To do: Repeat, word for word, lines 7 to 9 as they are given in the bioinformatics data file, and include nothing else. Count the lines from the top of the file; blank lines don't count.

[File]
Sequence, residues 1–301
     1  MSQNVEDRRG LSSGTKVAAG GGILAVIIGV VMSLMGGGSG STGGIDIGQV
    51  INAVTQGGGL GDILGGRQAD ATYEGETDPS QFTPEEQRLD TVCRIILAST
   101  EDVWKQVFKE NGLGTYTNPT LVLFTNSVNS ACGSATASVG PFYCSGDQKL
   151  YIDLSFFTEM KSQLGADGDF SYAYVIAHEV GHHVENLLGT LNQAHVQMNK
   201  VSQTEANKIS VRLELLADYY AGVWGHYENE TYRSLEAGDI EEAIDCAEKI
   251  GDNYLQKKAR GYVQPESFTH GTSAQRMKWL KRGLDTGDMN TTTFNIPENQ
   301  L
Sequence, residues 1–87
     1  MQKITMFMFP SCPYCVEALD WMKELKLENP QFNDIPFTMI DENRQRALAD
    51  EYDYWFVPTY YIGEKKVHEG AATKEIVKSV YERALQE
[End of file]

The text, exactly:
   251  GDNYLQKKAR GYVQPESFTH GTSAQRMKWL KRGLDTGDMN TTTFNIPENQ
   301  L
Sequence, residues 1–87